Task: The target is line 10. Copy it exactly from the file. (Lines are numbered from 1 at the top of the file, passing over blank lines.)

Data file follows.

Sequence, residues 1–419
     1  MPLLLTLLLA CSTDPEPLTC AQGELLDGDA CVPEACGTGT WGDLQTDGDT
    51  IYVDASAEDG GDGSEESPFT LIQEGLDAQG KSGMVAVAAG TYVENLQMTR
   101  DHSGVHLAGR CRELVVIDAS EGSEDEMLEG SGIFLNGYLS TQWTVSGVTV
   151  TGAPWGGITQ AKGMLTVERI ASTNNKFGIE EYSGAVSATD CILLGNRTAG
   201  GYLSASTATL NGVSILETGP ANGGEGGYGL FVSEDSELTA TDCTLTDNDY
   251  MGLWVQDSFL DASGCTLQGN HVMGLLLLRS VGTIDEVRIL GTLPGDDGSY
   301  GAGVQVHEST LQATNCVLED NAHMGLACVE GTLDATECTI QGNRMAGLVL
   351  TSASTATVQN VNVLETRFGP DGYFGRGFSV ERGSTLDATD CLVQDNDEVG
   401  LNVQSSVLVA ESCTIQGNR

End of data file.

   401  LNVQSSVLVA ESCTIQGNR